Top Education Schools in Montana

By | April 28, 2018

Your search has generated 2 top-ranked education schools in Montana. These colleges offer graduate study in field of education, leading to an Master degree. Check out the following table to see a list of major educational schools in the state of Montana, each with enrollment statistics, tuition fees and contact information.

  • USAERS: Lists of major rivers and mountains within state of Montana. Also includes main lakes and reservoirs in Montana.

List of Best Education Colleges in Montana

Rank Education University
1 University of Montana
PJWEC Room 321
Missoula, MT 59812
School: Phyllis J. Washington College of Education and Human Sciences
In-State Tuition: $6,090 per year
Out-of-State Tuition: $21,126 per year
Enrollment: 137
2 Montana State University
215 Reid Hall
Bozeman, MT 59717
School: Department of Education
In-State Tuition: $6,168 per year
Out-of-State Tuition: $18,291 per year
Enrollment: 0

Top Education Schools in Montana

 

In the forties and fifties, Moses’ influence increased even more. The New Yorker magazine wrote that … in the seven years between 1946 and 1954, the seven years in which the most intensive construction of public facilities was carried out in the entire history of the city, there was not a single project – a school or a sewer, a library or a pier, a hospital or the pool – which would have been built by any of the city’s agencies without Moses’ approval of its design and layout…

In the post-war decades, with the direct participation of Robert Moses in New York City, the Trogs Neck Bridge connecting Queens and the Bronx and the longest suspension bridge in the world at that time, Verrazano between Brooklyn and Staten Island, were built; Shea Stadium in Queens, home of New York Mets baseball players and New York Jets football players for decades; the largest complex of theaters and concert halls, Lincoln Center on the Upper West Side; the Coliseum Convention Center on Columbus Circle, the Coney Island Aquarium, the United Nations Headquarters in Midtown Manhattan and many other famous buildings.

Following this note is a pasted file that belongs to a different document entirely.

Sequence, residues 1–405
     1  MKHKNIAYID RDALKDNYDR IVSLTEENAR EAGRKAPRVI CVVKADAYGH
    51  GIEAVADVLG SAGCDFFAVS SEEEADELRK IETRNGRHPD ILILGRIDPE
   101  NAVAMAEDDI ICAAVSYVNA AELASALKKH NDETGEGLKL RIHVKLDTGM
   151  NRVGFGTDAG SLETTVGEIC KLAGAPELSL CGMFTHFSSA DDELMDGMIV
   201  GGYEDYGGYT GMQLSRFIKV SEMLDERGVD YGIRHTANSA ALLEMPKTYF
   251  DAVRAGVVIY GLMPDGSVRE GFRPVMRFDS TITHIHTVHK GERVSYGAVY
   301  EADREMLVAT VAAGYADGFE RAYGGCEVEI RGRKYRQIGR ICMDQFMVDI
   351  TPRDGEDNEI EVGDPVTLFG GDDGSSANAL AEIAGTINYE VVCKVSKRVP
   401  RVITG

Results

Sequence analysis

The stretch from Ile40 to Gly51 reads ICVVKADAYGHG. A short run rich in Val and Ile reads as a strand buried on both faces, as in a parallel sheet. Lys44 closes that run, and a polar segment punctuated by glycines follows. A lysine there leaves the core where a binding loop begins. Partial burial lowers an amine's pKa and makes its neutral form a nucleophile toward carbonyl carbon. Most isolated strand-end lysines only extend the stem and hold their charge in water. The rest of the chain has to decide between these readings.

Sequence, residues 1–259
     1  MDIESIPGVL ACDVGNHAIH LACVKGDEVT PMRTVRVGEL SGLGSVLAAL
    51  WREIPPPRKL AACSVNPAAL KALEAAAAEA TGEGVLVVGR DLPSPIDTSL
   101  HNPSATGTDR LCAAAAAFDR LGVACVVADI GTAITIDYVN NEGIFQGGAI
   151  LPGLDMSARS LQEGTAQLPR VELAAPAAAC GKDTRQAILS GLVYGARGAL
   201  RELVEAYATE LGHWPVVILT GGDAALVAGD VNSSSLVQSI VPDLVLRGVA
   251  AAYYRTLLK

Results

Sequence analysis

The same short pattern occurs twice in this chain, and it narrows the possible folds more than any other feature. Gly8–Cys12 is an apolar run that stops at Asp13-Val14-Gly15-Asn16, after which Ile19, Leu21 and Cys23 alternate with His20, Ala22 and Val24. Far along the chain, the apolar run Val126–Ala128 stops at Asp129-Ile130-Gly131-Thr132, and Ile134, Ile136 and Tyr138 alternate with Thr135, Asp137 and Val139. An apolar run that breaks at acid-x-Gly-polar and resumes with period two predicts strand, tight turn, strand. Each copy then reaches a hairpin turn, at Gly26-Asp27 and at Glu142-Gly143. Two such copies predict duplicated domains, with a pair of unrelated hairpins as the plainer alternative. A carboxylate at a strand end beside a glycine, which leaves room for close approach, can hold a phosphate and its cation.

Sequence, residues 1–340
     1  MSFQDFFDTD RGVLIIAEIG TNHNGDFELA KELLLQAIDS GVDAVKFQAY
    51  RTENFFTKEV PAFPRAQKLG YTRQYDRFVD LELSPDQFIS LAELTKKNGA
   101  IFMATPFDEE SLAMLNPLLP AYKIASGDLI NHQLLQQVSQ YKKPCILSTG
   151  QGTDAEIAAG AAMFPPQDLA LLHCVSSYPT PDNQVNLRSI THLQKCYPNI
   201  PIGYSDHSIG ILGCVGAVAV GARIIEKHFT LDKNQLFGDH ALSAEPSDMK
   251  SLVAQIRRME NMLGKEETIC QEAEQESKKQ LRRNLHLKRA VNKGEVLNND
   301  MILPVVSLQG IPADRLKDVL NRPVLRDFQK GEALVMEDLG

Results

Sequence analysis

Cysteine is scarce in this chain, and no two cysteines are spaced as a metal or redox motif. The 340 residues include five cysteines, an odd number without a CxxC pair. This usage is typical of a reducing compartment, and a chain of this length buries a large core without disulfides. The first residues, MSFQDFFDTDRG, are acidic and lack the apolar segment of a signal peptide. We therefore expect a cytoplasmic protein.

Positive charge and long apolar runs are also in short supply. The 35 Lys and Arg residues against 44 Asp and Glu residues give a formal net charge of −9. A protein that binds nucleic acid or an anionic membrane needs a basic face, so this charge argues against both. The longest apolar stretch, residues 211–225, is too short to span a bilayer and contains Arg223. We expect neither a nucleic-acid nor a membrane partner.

At the same time, Moses was also actively involved in the construction of high-speed highways in New York, cutting through residential areas and greatly facilitating the movement of cars (although at the same time destroying the existing urban development). Then the Cross Bronx Expressway, the Brooklyn Queens Expressway, the Belt Parkway complex and other roads were built.

In 1952, Robert Moses became head of the New York State Energy Authority. During his nine years in office, he oversaw the construction of several hydropower facilities, including the Moses-Saunders Dam on the St. Lawrence River and the Niagara Power Plant (later also named after him).

In the sixties, Moses’ political influence gradually began to wane. To some extent, his position was influenced by several unpopular projects, including the demolition of the Pennsylvania Station railroad station and plans for a highway through Greenwich Village and Soho in Lower Manhattan.

Another unsuccessful undertaking was the holding of the 1964 World’s Fair in New York, which could not repeat the success of the 1939 exhibition and did not meet the financial expectations of the organizers.

In 1972, Robert Moses retired from his last official post as head of the Triborough Transportation Authority. He worked for the state of New York for forty-four years (under six governors) and simultaneously thirty-four years for the City of New York (under five mayors), holding twelve different positions during his long career.

During the time that Moses led the development of New York City, the area of ​​city parks doubled and a half, fifteen outdoor pools, hundreds of tennis courts, baseball fields and sports fields were created or reconstructed. He actively participated in the construction of thirteen bridges, more than four hundred kilometers of highways, residential buildings with a total capacity of about one hundred and fifty thousand apartments and a number of famous New York public buildings and structures. As time has passed, some criticisms have been leveled at him; in particular, it is believed that created by Moses in the largest city ​​in the United States the system of high-speed roads slowed down the development of public transport (including the metro). Nevertheless, no one disputes the fact that it was the “Main Builder” who had a huge impact on the creation of modern urban infrastructure in New York, as well as the development of transportation, energy and park systems in the ” Imperial State “.

Robert Moses died on July 29, 1981, at the age of ninety-two. Several parks, roads, and dams are named in his honor in New York State.